Direct reprogramming into interneurons: potential for brain repair
Research output: Contribution to journal › Review article
The brain tissue has only a limited capacity for generating new neurons. Therefore, to treat neurological diseases, there is a need of other cell sources for brain repair. Different sources of cells have been subject of intense research over the years, including cells from primary tissue, stem cell-derived cells and reprogrammed cells. As an alternative, direct reprogramming of resident brain cells into neurons is a recent approach that could provide an attractive method for treating brain injuries or diseases as it uses the patient’s own cells for generating novel neurons inside the brain. In vivo reprogramming is still in its early stages but holds great promise as an option for cell therapy. To date, both inhibitory and excitatory neurons have been obtained via in vivo reprogramming, but the precise phenotype or functionality of these cells has not been analysed in detail in most of the studies. Recent data shows that in vivo reprogrammed neurons are able to functionally mature and integrate into the existing brain circuitry, and compose interneuron phenotypes that seem to correlate to their endogenous counterparts. Interneurons are of particular importance as they are essential in physiological brain function and when disturbed lead to several neurological disorders. In this review, we describe a comprehensive overview of the existing studies involving brain repair, including in vivo reprogramming, with a focus on interneurons, along with an overview on current efforts to generate interneurons for cell therapy for a number of neurological diseases.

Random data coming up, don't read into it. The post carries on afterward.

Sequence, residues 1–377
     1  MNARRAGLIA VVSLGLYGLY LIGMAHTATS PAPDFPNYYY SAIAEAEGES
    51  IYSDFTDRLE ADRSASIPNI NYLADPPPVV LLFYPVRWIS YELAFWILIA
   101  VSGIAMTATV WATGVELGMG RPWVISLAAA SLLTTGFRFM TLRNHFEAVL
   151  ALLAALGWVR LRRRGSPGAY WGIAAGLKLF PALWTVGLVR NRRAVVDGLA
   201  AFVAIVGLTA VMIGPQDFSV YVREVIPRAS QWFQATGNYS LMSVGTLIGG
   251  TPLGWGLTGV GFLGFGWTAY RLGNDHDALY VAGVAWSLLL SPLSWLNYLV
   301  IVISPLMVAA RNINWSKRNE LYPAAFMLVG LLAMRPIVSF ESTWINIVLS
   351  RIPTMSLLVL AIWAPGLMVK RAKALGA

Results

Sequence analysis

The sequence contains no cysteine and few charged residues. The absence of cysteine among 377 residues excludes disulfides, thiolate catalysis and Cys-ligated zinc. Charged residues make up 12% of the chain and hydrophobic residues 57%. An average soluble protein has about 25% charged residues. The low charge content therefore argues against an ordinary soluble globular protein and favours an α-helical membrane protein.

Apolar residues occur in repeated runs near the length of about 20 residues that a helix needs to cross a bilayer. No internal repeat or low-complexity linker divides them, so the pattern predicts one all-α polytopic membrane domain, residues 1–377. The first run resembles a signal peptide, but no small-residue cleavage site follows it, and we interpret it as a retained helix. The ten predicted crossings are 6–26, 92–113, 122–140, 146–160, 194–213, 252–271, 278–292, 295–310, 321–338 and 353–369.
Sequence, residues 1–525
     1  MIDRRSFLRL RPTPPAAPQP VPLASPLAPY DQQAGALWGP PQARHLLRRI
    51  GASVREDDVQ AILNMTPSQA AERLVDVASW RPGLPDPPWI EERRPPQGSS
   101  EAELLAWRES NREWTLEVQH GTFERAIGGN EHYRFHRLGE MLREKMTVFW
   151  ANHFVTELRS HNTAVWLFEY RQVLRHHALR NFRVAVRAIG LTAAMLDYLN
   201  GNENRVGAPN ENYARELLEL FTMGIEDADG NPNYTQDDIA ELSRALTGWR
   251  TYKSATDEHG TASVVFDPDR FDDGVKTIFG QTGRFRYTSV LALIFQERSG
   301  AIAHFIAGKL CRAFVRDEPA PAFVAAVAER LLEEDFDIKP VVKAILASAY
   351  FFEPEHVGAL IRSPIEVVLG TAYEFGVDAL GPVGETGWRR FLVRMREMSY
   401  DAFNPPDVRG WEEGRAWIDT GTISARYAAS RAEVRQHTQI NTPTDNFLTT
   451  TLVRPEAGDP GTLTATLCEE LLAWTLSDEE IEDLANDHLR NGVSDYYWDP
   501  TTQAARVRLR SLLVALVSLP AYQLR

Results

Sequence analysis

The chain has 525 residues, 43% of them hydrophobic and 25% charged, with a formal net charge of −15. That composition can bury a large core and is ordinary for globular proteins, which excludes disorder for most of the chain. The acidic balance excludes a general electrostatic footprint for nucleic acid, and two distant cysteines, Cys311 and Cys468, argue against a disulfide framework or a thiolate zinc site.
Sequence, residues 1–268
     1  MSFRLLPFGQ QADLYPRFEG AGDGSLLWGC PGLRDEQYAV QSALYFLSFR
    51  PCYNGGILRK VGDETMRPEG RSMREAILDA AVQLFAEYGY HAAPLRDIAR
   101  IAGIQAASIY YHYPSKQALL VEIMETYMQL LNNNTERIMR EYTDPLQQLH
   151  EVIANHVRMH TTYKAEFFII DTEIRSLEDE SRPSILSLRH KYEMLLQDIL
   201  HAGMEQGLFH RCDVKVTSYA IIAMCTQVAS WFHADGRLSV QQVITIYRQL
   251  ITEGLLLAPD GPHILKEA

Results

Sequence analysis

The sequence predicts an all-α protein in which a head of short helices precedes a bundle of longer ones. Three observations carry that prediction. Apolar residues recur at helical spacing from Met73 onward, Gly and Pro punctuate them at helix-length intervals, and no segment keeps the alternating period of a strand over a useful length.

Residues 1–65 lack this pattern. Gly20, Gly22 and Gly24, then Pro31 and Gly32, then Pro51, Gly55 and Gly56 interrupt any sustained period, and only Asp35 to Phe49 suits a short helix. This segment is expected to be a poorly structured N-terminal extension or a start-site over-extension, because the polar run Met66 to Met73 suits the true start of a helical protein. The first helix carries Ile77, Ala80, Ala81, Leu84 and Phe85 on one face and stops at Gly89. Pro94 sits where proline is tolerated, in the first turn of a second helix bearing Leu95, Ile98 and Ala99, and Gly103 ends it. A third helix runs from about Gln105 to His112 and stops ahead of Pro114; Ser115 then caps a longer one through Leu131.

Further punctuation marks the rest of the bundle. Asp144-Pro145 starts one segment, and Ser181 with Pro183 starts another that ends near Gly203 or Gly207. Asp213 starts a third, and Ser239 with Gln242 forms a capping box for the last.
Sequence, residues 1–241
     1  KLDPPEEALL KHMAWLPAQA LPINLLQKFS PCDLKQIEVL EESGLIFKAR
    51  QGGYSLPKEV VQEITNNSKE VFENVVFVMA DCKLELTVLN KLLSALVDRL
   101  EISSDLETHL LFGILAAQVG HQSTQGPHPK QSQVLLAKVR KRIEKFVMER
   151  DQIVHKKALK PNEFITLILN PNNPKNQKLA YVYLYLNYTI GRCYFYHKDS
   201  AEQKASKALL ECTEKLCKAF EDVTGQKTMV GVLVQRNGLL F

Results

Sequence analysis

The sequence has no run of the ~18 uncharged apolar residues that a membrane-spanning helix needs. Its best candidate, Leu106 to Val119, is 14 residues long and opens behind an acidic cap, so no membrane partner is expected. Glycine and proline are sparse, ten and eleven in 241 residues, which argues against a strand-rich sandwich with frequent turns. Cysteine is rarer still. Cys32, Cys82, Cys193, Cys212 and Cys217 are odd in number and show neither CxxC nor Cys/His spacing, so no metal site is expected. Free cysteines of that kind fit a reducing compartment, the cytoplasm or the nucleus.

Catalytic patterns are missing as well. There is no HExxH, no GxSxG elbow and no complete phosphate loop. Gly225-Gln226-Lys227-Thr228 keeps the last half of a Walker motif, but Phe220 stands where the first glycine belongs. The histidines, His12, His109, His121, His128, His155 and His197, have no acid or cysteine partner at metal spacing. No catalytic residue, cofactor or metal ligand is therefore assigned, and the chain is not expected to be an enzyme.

|Research areas and keywords||
Subject classification (UKÄ) – MANDATORY
|Journal||Cellular and Molecular Life Sciences|
|Publication status||E-pub ahead of print - 2019|